The best places to invest in 2007
- Alan Lavine and Gail Liberman
Despite Wall Street's bright economic forecast, stocks still could tumble due to more trouble in the Middle East, a terrorist attack or high inflation.
So it pays to play it safe by diversifying. Here's how:
Consider owning the entire stock market in an index fund such as the Vanguard Total Market Fund. This fund owns large company, medium-size companies and small-company growth and undervalued stocks. The fund has no load and is low-cost. It also has outperformed the majority of actively managed U.S. stock funds.Consider owning an international stock fund. With active management, there are opportunities to pick overlooked stocks internationally. Some of the top-rated foreign stock funds according to Morningstar Inc., Chicago, include: Alliance Bernstein International Growth, Fidelity International Discovery and Julius Bear International Equity.Own money funds or bank CDs. Check out the highest-yielding money funds at www.imoneynet.com. The highest-yielding bank CDs are at www.bankrate.com. Beware that money funds have no U.S. government guarantee. Keep some money in bonds that mature in 10 years or less. You typically get your principal back when bonds mature. By contrast, bond funds, which trade in bonds, don't mature. So the value of your bond fund will always fluctuate. For your bond picks, stick with Treasury bonds, notes and bills, because they're backed by Uncle Sam. You also might consider corporate bonds rated AAA by Standard & Poor's. These are bonds issued by the most creditworthy corporations. Are you in high tax bracket? If so, consider tax-free money market funds, insured municipal bonds or municipal bonds rated AAA by Standard & Poor's. If you are concerned about inflation, gold or precious metals stock funds may be a good bet. These investments generally do well during times of crisis or high inflation. The best-rated precious metals funds, according to Morningstar, are the First Eagle Gold Fund and the Vanguard Precious Metals Mining Fund.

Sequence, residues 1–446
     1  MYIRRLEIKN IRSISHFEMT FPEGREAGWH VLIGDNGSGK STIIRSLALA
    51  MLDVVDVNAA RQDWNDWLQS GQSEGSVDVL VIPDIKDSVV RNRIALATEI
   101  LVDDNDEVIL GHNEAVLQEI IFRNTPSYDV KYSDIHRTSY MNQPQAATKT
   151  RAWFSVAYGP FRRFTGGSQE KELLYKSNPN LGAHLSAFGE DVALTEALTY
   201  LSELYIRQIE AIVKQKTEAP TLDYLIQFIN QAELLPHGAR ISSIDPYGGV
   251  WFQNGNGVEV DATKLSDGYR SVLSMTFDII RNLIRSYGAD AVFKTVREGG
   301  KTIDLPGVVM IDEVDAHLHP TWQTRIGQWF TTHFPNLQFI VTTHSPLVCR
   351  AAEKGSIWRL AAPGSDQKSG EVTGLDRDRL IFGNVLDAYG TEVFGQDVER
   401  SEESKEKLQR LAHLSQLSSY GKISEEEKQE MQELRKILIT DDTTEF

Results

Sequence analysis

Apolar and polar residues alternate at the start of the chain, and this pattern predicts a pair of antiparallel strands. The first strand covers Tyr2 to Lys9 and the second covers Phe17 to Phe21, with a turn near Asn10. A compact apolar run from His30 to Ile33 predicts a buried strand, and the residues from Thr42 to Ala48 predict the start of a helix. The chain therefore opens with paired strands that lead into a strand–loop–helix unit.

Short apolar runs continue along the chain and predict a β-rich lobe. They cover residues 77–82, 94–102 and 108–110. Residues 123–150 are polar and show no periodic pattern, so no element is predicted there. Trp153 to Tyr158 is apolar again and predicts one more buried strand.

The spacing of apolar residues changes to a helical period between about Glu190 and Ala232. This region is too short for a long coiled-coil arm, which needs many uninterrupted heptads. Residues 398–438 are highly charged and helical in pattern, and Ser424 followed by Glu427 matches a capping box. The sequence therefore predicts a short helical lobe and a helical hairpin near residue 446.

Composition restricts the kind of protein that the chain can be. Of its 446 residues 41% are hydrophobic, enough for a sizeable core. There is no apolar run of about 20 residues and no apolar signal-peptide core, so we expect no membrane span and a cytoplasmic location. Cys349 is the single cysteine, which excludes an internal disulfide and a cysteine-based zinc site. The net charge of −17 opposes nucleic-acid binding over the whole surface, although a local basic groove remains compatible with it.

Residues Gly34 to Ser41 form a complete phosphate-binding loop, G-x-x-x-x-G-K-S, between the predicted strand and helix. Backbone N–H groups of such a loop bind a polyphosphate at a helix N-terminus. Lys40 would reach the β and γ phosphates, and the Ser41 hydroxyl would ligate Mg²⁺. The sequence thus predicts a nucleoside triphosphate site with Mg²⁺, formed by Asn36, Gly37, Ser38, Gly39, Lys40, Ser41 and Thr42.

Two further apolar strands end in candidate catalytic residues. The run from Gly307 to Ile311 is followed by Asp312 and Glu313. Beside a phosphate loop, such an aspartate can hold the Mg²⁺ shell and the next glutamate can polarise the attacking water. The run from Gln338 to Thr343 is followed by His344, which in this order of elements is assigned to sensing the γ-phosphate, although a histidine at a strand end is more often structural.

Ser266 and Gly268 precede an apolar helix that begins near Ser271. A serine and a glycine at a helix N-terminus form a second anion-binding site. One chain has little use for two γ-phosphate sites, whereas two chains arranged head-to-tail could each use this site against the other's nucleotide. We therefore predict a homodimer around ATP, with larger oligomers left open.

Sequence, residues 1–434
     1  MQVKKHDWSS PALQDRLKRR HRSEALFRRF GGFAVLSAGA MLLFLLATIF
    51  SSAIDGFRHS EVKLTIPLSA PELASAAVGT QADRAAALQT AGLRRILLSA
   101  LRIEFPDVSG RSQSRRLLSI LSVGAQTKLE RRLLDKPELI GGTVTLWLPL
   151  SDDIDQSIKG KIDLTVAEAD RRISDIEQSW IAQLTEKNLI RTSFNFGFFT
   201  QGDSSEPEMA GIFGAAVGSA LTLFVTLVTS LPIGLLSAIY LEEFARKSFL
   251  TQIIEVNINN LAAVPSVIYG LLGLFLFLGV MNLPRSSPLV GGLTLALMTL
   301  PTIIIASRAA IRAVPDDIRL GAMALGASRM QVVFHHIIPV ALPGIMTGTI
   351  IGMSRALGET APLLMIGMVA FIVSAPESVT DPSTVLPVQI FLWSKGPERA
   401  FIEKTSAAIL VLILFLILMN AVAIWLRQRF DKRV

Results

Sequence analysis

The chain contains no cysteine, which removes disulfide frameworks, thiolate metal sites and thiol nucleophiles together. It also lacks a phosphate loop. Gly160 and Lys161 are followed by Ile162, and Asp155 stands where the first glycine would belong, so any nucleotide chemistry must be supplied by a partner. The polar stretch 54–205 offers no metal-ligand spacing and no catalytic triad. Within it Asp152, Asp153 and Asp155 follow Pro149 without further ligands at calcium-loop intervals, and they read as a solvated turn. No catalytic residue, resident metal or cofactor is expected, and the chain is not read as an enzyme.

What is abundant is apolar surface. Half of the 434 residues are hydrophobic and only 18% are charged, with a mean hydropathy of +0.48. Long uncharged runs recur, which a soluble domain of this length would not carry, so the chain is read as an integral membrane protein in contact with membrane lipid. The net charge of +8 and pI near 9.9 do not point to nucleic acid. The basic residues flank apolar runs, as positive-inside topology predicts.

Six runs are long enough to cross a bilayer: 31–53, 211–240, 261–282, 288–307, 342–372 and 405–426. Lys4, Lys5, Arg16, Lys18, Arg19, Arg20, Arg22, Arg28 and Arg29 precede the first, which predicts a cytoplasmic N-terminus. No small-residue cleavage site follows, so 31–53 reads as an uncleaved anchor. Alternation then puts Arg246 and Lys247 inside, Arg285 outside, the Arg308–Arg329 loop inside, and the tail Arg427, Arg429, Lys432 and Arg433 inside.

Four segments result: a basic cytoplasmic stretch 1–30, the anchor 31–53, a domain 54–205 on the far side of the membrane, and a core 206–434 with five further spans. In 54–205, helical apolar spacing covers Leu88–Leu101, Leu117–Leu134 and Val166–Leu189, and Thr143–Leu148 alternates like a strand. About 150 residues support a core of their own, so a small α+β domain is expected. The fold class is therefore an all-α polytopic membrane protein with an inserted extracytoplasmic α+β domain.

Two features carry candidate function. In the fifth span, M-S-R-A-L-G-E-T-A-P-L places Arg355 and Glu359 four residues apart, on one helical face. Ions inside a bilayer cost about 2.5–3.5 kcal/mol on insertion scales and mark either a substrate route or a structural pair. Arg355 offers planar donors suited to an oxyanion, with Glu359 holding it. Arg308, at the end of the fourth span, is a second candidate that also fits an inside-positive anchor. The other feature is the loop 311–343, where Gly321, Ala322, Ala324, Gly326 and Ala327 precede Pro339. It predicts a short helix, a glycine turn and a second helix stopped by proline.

Cash and bonds help cushion the blow of stock market losses. Bonds typically perform well during recessions and bear markets in stocks. Money funds pay higher yields when interest rates rise. But the share price of money funds, which invest primarily in short-term securities, generally up to 90 days, stays at $1, so you shouldn't lose money.
Financial advisers often recommend that you keep 5 percent of your total assets in inflation hedges. This way, when stock and bonds tumble due to rising inflation and interest rates, these investments likely will perform well. It's a way to offset some losses in stocks and bonds.
Spouses Gail Liberman and Alan Lavine are syndicated columnists. You can purchase Alan Lavine & Gail Liberman's latest book Quick Steps to Financial Stability (QUE Publishing 2006) online at www.moneycouple.com or at your local bookstore. E-mail them at MWliblav@aol.com.
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